a brigand for a father was something you kept quiet about, but a slave-taking pirate for a great-grandfather was something to boast of over the port. Time turned the evil bastards into rogues, and rogue was a word with a twinkle in its eye and nothing to be ashamed of. (90)

Growing up (in KwaZulu-Natal), Cecil John Rhodes always seemed a bit like a genius-rogue: someone who had torn about the continent with his madcap schemes for the greatness of the British Empire, and wanted to create one of those railways (a railway! How quaint!) between Cape Town and Cairo. He had helped make the British Colony (as misguided as it turned out to be) what it was.

Now, of course, I realize he is an “evil bastard” whose policies and ideas still tear South African families apart because they continue to fall prey to the “slave-taking pirates” he enabled to function in his wake.

I love that someone can write about brilliant, complicated plotlines using humour, love, the ridiculous, the fantastical, and incisive socio-political commentary.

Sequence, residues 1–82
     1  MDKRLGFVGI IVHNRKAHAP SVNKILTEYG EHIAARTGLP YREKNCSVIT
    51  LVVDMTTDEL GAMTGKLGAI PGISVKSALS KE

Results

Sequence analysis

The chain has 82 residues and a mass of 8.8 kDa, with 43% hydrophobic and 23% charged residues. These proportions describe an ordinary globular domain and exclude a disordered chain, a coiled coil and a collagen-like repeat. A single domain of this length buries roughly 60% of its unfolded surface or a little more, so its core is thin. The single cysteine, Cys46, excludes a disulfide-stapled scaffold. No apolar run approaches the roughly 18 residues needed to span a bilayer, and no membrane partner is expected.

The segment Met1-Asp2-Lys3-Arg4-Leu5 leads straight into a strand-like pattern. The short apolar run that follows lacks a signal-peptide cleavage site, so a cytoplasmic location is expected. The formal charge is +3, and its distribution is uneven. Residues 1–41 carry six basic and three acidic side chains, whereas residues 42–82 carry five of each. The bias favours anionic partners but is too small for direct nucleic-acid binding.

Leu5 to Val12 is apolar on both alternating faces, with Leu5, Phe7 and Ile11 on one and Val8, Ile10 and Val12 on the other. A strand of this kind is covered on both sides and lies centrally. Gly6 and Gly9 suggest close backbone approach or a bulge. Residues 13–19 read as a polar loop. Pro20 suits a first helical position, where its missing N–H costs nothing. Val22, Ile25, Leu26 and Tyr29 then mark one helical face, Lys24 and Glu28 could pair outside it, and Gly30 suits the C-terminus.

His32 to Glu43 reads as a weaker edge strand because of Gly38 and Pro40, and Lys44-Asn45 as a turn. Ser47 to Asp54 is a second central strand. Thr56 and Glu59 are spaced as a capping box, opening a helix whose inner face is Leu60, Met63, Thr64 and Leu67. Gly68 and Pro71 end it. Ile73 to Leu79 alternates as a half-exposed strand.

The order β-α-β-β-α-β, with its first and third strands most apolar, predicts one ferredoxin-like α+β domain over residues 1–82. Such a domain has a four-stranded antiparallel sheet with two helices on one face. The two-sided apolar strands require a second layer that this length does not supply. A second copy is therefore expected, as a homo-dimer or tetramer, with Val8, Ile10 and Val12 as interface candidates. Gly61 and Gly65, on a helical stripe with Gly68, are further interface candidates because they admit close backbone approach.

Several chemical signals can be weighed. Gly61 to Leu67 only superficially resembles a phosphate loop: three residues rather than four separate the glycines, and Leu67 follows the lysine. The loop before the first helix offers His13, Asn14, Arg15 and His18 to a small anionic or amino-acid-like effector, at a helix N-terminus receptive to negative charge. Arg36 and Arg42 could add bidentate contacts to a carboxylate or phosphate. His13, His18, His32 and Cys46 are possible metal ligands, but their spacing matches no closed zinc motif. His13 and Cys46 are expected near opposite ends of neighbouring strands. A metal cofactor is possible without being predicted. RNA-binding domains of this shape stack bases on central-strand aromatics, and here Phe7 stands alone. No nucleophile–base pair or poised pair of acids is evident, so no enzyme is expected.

And once again, I realize why going back to an author’s writing is so valuable.

PS: If you would like to read something that explains why Terry Pratchett is brilliant in the most beautiful and complete way I have ever seen, (BUT BEWARE THE SPOILERS) have a look here at Amanda Craig’s review of his final book, Shepherd’s Crown at The Guardian.


Changes (or some thoughts on Orwell’s 1984)

I realized, yesterday, that I would like to change the title of a series of posts I do called “My Life Through Books”. I think the title is clumsy, and I actually believe that what I say about my realisations is often true for others as well. That is why I write about it in the first place. I like to articulate what I am feeling (I think it was Joan Didion who said she didn’t know what she actually thought about something until she wrote it down. I get that) and often I understand the world around me better through reading and then thinking about books. It’s the connection, that feeling of being less alone because you have found a kindred spirit in the precise arrangement of letters and words on a page.